Stop me if this sounds familiar: You took a bunch of photos of friends, family or pets over the summer and then copied them over to your computer for safe keeping. Perhaps you emailed the odd one to a relative, turned another one into wallpaper or printed a third for a photo frame at the office.
But for the most part, your computer's C: drive has become a digital shoebox.
Your computer can do so much more for your memories than provide a convenient storage solution for them. Aside from scrapbooking, the following are five ideas to unleash your photos in fun and creative ways.
Pick your favorite photo and create a jigsaw puzzle to play on your PC. This is a breeze with free programs such as Jigsaw Puzzle Promo Creator and Jigsaw Puzzle Lite, both of which let you design your own one-of-a-kind digital diversions by simply importing photos from your hard drive (such as JPEG image files). Choose the number of pieces and then play away. Some of these programs let you email the jigsaw puzzle to friends to see if they can complete them.
Proudly display your memories in a place you visit a few times a day: your fridge. You can do this effectively by purchasing magnetic sheets of paper, usually found at business stores like Office Depot or purchased online, which can be fed through any regular inkjet photo printer (seriously). Then, cut them down to the appropriate size and/or shape, and next thing you know you've got magnetic memories to display in your kitchen. Or why not include them in holiday or birthday cards to friends and family?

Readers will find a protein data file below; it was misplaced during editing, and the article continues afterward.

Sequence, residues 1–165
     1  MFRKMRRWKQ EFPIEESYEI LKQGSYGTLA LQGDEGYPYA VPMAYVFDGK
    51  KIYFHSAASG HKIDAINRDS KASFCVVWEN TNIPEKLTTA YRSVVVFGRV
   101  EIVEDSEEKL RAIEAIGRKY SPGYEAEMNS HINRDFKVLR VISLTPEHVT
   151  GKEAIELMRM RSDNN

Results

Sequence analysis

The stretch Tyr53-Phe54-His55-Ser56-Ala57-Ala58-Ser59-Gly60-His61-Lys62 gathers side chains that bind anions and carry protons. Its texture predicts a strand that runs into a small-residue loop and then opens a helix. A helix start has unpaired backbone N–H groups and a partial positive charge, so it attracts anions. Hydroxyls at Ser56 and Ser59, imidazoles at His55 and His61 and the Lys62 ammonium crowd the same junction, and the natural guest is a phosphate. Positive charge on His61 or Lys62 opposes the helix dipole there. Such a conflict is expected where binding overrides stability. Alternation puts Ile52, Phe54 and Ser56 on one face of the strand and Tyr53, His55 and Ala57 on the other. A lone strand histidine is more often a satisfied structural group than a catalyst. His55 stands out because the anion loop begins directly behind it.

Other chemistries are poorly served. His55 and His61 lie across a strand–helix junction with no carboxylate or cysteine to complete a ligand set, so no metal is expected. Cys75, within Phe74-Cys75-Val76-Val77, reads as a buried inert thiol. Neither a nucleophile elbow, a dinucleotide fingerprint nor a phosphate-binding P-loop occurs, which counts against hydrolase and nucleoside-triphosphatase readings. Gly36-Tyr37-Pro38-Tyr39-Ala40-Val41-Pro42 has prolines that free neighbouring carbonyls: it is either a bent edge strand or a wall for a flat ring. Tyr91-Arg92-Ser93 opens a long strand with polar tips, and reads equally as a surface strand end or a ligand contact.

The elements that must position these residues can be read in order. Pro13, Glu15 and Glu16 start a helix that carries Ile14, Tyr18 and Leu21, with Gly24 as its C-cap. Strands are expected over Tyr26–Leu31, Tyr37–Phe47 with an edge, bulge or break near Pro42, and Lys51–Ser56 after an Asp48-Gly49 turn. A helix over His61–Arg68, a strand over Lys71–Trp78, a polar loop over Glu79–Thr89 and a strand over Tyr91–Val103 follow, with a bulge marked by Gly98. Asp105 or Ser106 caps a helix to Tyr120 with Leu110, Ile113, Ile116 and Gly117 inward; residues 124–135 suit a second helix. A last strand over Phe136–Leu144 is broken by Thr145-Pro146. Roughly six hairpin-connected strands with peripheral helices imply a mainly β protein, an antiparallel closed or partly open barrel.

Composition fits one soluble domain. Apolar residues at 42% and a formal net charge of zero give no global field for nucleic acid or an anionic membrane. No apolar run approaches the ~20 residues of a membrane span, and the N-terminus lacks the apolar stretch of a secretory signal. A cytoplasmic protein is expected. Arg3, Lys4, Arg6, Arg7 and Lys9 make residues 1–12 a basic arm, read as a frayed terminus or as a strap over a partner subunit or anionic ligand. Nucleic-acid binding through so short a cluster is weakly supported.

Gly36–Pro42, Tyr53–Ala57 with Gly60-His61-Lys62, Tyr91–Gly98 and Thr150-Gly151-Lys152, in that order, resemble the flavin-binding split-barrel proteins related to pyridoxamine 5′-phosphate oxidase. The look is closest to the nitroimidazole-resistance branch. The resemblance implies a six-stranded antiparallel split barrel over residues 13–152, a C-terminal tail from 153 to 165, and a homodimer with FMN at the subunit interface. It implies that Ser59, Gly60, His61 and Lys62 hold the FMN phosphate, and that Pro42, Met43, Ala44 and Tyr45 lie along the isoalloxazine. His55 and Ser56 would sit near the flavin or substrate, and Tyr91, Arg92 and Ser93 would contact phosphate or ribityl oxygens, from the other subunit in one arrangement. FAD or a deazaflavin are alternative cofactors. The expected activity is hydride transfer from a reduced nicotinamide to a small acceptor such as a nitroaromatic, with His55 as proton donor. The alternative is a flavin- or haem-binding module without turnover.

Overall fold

Not only can you enjoy your photos on your big-screen HDTV instead of a small computer monitor, but you can add music, narration, transition sequences and special effects. Create a sentimental slideshow by using software built into your operating system, such as Windows Movie Maker or iPhoto/iMovie for Mac users (part of iLife). When you're done, upload it to social media sites like Facebook or YouTube, or burn it to a disc to watch on a DVD player. Tip: Be sure to use the "Ken Burns" effect for slow pans and zooms across your still photos.
Photobooks, cards, posters and more
Don't forget the Internet offers a handful of places to upload your photos and create a personalized gift sent to your door, such as coffee mugs, t-shirts, mouse pads, stationary, aprons, playing cards, business cards, calendars, hardcover albums, huge canvases and so forth. Heck, you can even order a hockey puck with your family's photo on it. Popular websites -- such as Yahoo!'s Flickr, Snapfish, Shutterfly and Posterjack (see dog canvas photo) — can handle these fun photo projects. On a related note, Apple's Cards app lets you create and mail letterpress cards personalized with your own text and photos, right from your iPhone or iPod touch, while Gelaskins.com lets you create high-quality laptop, smartphone or tablet skins with your own uploaded photos.
Edits, filters and effects
While you should never mess with your original shots, make a duplicate and have some fun with software that cleans up your shots to make them shine. Whether you use your computer or mobile device, one option is photo editing software to crop photos, rotate or resize them, adjust light and color, remove unwanted subjects, and so on. A second option is adding filters and other special effects, such as making your photos look like a vintage black-and-white or sepiatone shot (or '70s Polaroid), an Andy Warhol-inspired print, impressionism painting, stained glass window, and so on.